Great post on writing introductions (of disses or otherwise): Getting (Back) into the Writing Groove: Inspiration from Georgia NeSmith | Feminist Law Professors

Georgia NeSmith is an independent writer and editor who has a great website over at Matrix Editorial Services (here). In revving up to return to writing after a few weeks off, I stumbled upon upon her advice for “Writing the Introduction.” Her advice is specifically geared toward dissertation writers, but I found much that is applicable to writers of law review articles, too. Here is an excerpt from her post:

The first draft of most dissertations seems to be very similar: the student is trying to demonstrate competence in all the major literature in any way remotely connected to his or her study. This is not only unnecessary, it is annoying for the average reader.

The Introduction or introductory chapter is often rambling and extensive, leaving the reader who is interested in the actual subject of the research feeling very frustrated. Get to the point! one wants to shout. * * *

The introduction to a dissertation must do the following, and the following ALONE:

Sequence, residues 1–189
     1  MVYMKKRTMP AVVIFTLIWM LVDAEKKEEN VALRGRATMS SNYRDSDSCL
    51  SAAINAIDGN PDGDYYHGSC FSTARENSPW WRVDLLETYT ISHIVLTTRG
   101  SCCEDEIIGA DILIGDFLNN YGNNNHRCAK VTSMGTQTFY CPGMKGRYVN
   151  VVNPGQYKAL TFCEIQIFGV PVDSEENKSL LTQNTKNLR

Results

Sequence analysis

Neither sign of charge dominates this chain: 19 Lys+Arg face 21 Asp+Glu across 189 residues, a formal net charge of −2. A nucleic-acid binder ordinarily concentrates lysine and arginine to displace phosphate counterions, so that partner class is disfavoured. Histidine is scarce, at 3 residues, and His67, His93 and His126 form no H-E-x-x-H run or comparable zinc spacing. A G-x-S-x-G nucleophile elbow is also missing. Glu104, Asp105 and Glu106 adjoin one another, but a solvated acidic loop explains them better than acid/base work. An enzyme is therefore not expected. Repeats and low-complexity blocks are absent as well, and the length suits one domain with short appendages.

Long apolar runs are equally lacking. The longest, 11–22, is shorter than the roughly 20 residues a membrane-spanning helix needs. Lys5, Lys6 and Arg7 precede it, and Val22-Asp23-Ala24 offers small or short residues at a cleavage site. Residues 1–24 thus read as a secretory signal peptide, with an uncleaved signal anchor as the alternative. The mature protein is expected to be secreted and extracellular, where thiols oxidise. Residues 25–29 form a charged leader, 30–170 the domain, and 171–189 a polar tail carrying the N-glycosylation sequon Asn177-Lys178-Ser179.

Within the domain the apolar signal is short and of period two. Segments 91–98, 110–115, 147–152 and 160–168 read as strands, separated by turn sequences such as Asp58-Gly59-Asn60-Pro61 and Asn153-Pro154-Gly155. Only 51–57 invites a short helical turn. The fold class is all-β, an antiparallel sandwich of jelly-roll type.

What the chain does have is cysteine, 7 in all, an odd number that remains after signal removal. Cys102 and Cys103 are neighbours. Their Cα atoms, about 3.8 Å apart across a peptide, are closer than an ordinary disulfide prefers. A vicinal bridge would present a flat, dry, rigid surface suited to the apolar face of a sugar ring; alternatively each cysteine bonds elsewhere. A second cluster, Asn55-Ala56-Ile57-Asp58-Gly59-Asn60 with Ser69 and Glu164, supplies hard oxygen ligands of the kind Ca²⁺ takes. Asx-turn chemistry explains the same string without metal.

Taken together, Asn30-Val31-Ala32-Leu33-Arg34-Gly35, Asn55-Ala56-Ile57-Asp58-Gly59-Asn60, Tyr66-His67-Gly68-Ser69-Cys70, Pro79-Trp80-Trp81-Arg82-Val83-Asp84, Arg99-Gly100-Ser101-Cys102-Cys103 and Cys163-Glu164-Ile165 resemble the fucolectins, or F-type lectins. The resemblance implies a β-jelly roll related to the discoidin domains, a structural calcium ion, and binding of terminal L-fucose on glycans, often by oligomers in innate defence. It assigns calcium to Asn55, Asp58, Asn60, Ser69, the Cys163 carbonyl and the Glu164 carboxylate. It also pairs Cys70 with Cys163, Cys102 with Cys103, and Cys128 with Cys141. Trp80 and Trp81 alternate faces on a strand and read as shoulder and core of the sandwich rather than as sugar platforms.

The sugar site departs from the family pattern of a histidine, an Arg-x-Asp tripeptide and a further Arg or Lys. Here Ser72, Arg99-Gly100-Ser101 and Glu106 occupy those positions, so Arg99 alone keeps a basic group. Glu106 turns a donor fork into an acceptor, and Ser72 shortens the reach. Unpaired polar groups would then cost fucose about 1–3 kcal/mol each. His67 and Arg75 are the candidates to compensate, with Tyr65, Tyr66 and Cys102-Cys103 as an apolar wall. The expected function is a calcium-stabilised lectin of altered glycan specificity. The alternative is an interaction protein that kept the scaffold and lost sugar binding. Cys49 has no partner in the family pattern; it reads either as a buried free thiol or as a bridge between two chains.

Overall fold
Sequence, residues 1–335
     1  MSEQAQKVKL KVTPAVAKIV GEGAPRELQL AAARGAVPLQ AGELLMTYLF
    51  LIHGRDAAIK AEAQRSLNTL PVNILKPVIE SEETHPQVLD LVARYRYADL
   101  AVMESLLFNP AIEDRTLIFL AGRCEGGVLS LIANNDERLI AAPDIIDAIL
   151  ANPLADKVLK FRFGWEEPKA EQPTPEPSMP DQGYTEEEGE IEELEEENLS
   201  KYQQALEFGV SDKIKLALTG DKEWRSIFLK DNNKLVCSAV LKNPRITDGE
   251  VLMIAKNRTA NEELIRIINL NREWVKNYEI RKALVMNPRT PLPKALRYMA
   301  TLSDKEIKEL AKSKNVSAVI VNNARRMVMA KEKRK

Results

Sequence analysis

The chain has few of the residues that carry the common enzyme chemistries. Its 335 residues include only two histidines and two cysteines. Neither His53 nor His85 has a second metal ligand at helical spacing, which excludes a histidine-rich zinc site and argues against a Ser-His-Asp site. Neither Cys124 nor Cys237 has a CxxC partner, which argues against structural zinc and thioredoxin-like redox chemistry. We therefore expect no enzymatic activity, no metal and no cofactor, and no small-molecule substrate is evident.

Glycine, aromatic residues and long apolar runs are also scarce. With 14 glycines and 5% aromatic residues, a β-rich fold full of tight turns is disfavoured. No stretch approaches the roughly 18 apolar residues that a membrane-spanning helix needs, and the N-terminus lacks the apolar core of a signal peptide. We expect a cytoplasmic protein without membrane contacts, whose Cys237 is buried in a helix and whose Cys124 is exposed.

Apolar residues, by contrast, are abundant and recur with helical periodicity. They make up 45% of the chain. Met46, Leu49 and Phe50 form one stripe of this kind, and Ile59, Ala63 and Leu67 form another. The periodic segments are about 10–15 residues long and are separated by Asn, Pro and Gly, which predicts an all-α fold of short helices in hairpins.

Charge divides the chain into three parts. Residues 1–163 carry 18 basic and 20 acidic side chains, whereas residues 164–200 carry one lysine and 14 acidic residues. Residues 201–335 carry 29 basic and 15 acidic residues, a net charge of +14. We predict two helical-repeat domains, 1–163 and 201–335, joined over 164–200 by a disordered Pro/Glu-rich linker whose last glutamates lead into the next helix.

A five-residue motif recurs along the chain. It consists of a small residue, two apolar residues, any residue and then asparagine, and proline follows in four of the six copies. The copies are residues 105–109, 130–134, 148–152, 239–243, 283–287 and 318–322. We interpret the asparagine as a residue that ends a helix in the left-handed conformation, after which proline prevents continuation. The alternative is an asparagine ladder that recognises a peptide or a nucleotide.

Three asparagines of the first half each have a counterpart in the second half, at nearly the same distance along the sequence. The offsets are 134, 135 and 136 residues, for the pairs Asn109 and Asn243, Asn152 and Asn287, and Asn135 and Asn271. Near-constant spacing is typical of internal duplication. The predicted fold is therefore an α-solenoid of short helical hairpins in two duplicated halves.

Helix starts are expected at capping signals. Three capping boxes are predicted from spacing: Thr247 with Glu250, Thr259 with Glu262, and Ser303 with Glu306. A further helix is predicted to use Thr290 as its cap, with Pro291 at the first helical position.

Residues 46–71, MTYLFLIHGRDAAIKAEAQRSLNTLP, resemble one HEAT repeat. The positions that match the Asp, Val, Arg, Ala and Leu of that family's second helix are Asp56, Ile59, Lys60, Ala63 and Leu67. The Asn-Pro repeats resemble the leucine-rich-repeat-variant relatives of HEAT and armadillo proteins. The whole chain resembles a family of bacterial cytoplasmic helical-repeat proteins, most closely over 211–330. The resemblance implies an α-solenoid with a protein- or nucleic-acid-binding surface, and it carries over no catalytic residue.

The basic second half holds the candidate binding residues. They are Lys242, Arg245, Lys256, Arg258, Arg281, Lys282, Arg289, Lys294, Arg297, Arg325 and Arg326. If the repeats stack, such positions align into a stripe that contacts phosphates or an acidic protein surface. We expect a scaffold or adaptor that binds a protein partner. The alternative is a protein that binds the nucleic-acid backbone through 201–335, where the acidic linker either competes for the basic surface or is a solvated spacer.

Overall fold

It identifies, locates, and justifies your study within your field. It demonstrates that your study attends to something entirely new, never examined before in the field.

It states the specific problem that your study is to address, a problem not heretofore addressed by previous studies

It states the research questions to be addressed by your specific study

It states the methods to be used

And finally, it outlines the chapters to come.

The introduction answers the following questions:

What is the problem? Why do I study this issue? Why should it be solved?

Who will benefit the most from this piece of writing? What is the contribution?

What is my purpose?

What are my methods?

What can the reader expect in the subsequent chapters? * * *

The introductory chapter of a dissertation is much like that first paragraph in the old “five paragraph theme”: essentially, you tell ‘em what you’re gonna tell ‘em. The big difference is that you must also demonstrate that the study about to be read is unique and makes a major contribution to the field in which it is located.

The full post is here.

-Bridget Crawford

via Getting (Back) into the Writing Groove: Inspiration from Georgia NeSmith | Feminist Law Professors.

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